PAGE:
Bowed instruments - Violin, Viola, Cello, Double bass - come with a little added jargon, simply because there are more moving parts. The following glossary, added to the explanations above, should help a little.

The Bow - the bow itself is comprised of a stick, hair, and a mechanism that allows you to tighten and loosen the hair, called the |Frog.  The Frog, at the base of the bow, contains a screw and eye system that raises and lowers the tension of the hair. The bow must be "wound up" to play and "would down" every single time after playing. Even the most expensive bow will warp and seize up if you don't do this. Ask the shop to demonstrate the correct way to wind up and down the bow, without over winding it.
As mentioned above one uses resin to coat the hair of the bow in a dust, which grips the string and produces sound. Too much is bad, too little is bad. But it's very easy to see if you have overdone the resin, ask the shop to demonstrate for you and talk you through its use.
The other end of the bow is the Tip and that is the most delicate part of the bow. Don't allow your child to hit the tip off anything, or use the bow to point at things. The most common damage we see done to bows occurs by hitting the tip against a hard surface.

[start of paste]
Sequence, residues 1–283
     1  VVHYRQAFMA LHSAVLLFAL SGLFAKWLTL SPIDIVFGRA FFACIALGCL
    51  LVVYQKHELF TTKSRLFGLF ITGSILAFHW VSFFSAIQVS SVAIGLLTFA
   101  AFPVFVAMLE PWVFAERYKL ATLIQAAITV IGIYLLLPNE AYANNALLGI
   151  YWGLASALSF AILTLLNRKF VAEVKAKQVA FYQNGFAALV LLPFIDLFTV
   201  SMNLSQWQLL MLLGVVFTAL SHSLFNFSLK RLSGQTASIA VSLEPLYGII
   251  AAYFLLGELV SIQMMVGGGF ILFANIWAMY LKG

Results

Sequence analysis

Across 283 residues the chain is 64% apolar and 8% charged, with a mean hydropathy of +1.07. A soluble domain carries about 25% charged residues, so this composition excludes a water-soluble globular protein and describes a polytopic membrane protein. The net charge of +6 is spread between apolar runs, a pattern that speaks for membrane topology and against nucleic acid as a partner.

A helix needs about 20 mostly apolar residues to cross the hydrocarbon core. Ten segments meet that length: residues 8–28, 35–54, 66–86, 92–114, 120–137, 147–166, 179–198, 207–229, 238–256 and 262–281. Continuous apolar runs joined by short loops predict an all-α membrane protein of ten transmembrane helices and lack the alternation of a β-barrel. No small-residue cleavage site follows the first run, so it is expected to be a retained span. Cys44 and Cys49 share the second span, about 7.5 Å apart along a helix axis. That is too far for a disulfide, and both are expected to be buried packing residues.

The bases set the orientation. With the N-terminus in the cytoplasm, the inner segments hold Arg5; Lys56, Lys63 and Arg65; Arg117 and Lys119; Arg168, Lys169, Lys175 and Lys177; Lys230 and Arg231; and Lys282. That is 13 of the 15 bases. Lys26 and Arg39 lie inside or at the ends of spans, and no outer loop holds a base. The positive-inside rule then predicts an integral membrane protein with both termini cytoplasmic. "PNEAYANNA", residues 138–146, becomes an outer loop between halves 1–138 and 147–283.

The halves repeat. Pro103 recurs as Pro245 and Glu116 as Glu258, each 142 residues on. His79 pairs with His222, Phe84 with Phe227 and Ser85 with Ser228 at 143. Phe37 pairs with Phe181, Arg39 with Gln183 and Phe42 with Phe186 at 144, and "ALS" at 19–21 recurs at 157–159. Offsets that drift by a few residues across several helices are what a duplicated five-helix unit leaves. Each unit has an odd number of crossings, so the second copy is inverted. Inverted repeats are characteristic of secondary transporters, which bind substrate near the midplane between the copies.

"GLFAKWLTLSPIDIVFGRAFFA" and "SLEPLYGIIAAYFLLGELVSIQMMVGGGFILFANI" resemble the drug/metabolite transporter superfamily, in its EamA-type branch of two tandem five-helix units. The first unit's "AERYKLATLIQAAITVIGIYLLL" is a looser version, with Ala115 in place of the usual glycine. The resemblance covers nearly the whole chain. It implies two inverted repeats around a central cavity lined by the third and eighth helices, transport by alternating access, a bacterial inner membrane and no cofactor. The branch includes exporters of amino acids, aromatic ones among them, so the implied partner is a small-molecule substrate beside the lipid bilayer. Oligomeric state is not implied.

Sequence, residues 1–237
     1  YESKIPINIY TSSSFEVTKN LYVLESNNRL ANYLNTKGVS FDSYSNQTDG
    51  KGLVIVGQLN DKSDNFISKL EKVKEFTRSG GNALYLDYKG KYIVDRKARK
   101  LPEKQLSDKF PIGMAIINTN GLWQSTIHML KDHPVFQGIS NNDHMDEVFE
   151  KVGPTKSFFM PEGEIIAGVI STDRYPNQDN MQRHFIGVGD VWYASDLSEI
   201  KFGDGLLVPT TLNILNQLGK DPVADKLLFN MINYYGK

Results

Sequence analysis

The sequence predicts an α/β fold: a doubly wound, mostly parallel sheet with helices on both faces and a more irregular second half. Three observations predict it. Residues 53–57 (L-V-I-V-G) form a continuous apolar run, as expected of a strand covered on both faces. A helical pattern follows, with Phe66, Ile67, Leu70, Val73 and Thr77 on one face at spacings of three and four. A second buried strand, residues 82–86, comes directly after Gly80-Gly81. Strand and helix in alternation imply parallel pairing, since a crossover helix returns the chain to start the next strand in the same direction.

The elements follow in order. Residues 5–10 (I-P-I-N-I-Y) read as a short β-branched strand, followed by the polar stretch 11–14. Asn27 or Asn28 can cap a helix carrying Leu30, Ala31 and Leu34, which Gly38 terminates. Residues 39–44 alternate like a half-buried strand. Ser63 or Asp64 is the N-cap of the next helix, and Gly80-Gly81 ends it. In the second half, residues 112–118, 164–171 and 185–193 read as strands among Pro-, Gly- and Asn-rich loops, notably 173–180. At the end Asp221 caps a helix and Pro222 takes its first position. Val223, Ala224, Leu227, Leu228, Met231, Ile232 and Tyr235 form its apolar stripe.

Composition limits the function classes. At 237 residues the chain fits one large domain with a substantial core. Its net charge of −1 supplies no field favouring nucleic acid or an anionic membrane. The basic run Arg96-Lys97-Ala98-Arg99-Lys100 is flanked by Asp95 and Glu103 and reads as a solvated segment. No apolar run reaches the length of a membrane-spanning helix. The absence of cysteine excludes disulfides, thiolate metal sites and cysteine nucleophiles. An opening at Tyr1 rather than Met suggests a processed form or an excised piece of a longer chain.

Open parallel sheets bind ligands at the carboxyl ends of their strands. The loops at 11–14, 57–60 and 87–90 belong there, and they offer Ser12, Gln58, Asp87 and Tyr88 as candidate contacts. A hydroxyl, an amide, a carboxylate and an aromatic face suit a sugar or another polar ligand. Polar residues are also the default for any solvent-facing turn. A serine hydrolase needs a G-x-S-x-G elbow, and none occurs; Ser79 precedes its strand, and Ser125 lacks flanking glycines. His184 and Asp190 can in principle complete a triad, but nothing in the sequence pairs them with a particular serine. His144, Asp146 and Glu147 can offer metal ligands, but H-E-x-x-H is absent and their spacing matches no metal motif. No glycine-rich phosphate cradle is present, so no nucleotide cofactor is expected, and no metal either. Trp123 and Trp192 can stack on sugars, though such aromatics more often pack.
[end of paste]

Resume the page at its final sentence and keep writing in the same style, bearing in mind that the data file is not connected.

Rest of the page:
Strings - If your child is just starting the outfit you chose should come complete with good strings. Ask the shop what strings they have used, so that when one breaks you know what to ask for. Strings range from thin to thick, as they move from a high to a low note. The highest, thinnest violin string is the E or First String. Violin strings go E (1) A(2) D(3) G(4) (G is the thickest string) Viola and Cello Strings range A(1) D(2) G(3) C(4)
When buying strings people are often surprised that they are all different prices. The thinnest strings are cheaper than the the heavier strings (eg and E will be much cheaper than G)
Strings fall into one of three categories - steel, synthetic or covered gut. Students will use steel or synthetic as a general rule, until they are more advanced. Traditional players mainly use steel; classical students will use synthetic once they progress past the initial grades. Your teacher is the best advisor on strings, however it can be a very confusing field with myriad options, and lots of conflicting advice. Ask the shop for help if you are in any way unsure what string you should opt for. If your child breaks a string, make sure you know WHICH string they have broken (eg E, A, D or G) before you go to replace it.
Strings can be purchased in sets (all four) or separately
Guitar strings are usually bought in sets but are considerably cheaper than violin or cello strings.

We hope you find this guide to be of some use: if you have any queries or can think of any question we hav overlooked just email us! The most important thing to remember is, learning an instrument should be fun for your child, and shouldn't be too stressful for you :)